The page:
Necessity Still Breeds Ingenuity - Archive of SQUALL MAGAZINE 1992-2006

The Post Bag: Letters To Squall

Wally Hope: Man Or Martyr?

Letters to Squall following the publication of Neil Goodwin's article 'Wally Hope: A Victim Of Ignorance' in issue 11, Autumn 1995.

Squall 13, Summer 1996, pg. 66.

Dear Squall,

Neil Goodwin’s article “Wally Hope - A Victim of Ignorance” in Squall 11 contains a number of factual errors.

The bands Hawkwind and Gong were not spawned by the Stonehenge rock Festival, they were going strong years before it got going. Hawkwind’s one and only hit single “Silver Machine” was in the charts years beforehand.

I knew Phil Russell aka Wally Hope and was present at many of the events described in the article. The drugs that destroyed his brain were as likely the acid and speed supplied by his “friends” in the “movement” as anything prescribed by the psychiatric system.

He was a classic rich kid acid casualty who would ramble on for hours about Jesus being re-incarnated in Cyprus in 1960, to anyone who would listen. The people who made a hero of him once he was dead couldn’t stand him when he was alive. What was interesting and very ironic is that the name “Wally” was intended to be a name that could be used by anyone, to destroy the cult of personality. Now that name is being used to create a martyr for that very cult. This is very sad!

Reverence for the dead is one of the hallmarks of an authoritarian patriarchy. Let the dead bury the dead. No more sacrifice!

All the beast,

Nigel Ayers

Penny Rimbaud replies:

For me, Phil Russell, aka Wally Hope, was neither a hero nor a martyr, but a personal friend, yes, tiresome at times, particularly when he was on his Jesus of Cyprus soap box, but he was also a poet and a visionary. Without Wally Hope, for better or worse, there would never have been a Stonehenge Festival. I regard that as a fairly important legacy. When he was alive I loved him, when he was dead I missed him.

To claim that the drugs that destroyed him were given to him by friends is as insulting as it is untrue; what’s more it stinks of Thatcherite moralism. I have never taken acid or speed and neither have I ever encouraged others to do so. Further, I am not altogether sure that those who supply drugs can truly be defined as friends, but maybe that’s my hang-up. For his part, Wally believed acid to be a holy sacrament which he used in great moderation and with enormous care, indeed he was critical of the social use of drugs, including alcohol and nicotine. To dismiss him as just another acid casualty is to play into the hands of a tabloid mentality that once surrounded acid and now surrounds ecstasy, ie state propaganda.

Whatever the actual cause of Wally’s death (natural, suicide, assassination, take your choice, they’re all equally provable), there is no question that his brain was seriously if not terminally damaged by the treatment to which he was subjected firstly in Winchester jail and then in the Old Manor Hospital, Salisbury.

The recommended dose of Largactil (chemical cosh) is 75mg per day. During his two weeks incarceration in jail, Wally was prescribed an unbelievable 2,000mg per day, plus weekly injections of Modecate (a similarly powerful brain inhibitor).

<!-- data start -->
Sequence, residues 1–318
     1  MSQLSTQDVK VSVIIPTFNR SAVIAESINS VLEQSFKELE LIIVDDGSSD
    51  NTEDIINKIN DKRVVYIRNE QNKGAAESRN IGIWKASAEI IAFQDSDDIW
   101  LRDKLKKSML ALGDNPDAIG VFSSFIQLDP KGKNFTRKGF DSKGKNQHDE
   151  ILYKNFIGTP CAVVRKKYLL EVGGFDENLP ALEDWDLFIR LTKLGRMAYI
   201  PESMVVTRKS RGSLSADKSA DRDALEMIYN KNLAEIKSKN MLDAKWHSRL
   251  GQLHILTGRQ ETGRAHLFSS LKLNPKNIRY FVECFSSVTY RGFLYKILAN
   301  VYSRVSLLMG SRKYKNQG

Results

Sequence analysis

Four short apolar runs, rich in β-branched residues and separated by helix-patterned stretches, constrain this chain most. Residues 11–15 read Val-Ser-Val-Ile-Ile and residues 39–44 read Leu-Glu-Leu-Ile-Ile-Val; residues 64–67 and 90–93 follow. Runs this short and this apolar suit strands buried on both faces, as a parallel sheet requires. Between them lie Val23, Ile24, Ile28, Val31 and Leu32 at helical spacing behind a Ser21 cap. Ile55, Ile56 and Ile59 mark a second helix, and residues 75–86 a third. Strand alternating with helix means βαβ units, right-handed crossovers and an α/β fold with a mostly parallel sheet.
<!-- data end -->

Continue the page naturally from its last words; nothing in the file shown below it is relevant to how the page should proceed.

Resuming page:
The above information was supplied by the CID shortly after Wally’s death. Equally, in an interview with the consultant responsible for Wally’s treatment in the Old Manor, I was casually informed that he had been prescribed Modecate “in doses considerably above the maximum recommended by its manufacturers”. I have reason to believe that he was prescribed further psychotropic drugs, Haloperidol and Stelazine, in what amounted to a bizarre experiment in chemical cocktails. By the time of his release from the Old Manor (two days after the last festival-goer had left the site of the second Stonehenge Free), Wally had been reduced to little more than a cabbage. A common side-effect of large doses of psychotropic drugs is a condition somewhat akin to Parkinson’s Disease called ‘dyskinesia’. Wally’s guardians, both doctors, felt that he could be suffering it in its chronic, incurable form. The affects of acid? I think not.

Following Wally’s death and the deceptive manner in which the authorities had dealt with it I spent over a year making my own investigations and writing a book based on my findings. Having suffered intimidation by the police and death threats from persons unknown, in a fit of cowardice I later destroyed most of that work. However, some of the documentation that I had compiled was not destroyed and I used it several years later when I wrote ‘The Last of the Hippies’, a short essay on Wally that was included in one of Crass’ albums. It is that essay, as CJ Stone points out in his book ‘Fierce Dancing’ , that has given rise to many of the conceits that now surround Wally’s life and death. However, for all that, I do not feel responsible for having created a myth; that is in the minds of those who need them, not mine. No, I wrote ‘The Last of The Hippies’ because I wanted people to be aware of the lengths to which the State will go to silence those who it perceives as its enemies. I wanted to be certain that I had done everything in my power to ensure that such a pointless death didn’t happen again (of course I knew that I wouldn’t succeed, but at least I tried).

To dismiss those who revere the dead with glib rhetoric about authoritarian patriarchy is (on a considerably more crucial level) to dismiss those who continue to act as witnesses to the holocaust. The dead cannot be truly buried until we acknowledge our complicity in their deaths. Of course there should be ‘no more sacrifice’ but rather than reeling out tired, ‘alternative’ abstractions or confirmations of status-quo cynicism, let us act to ensure that there are none.

Penny Rimbaud June ’96

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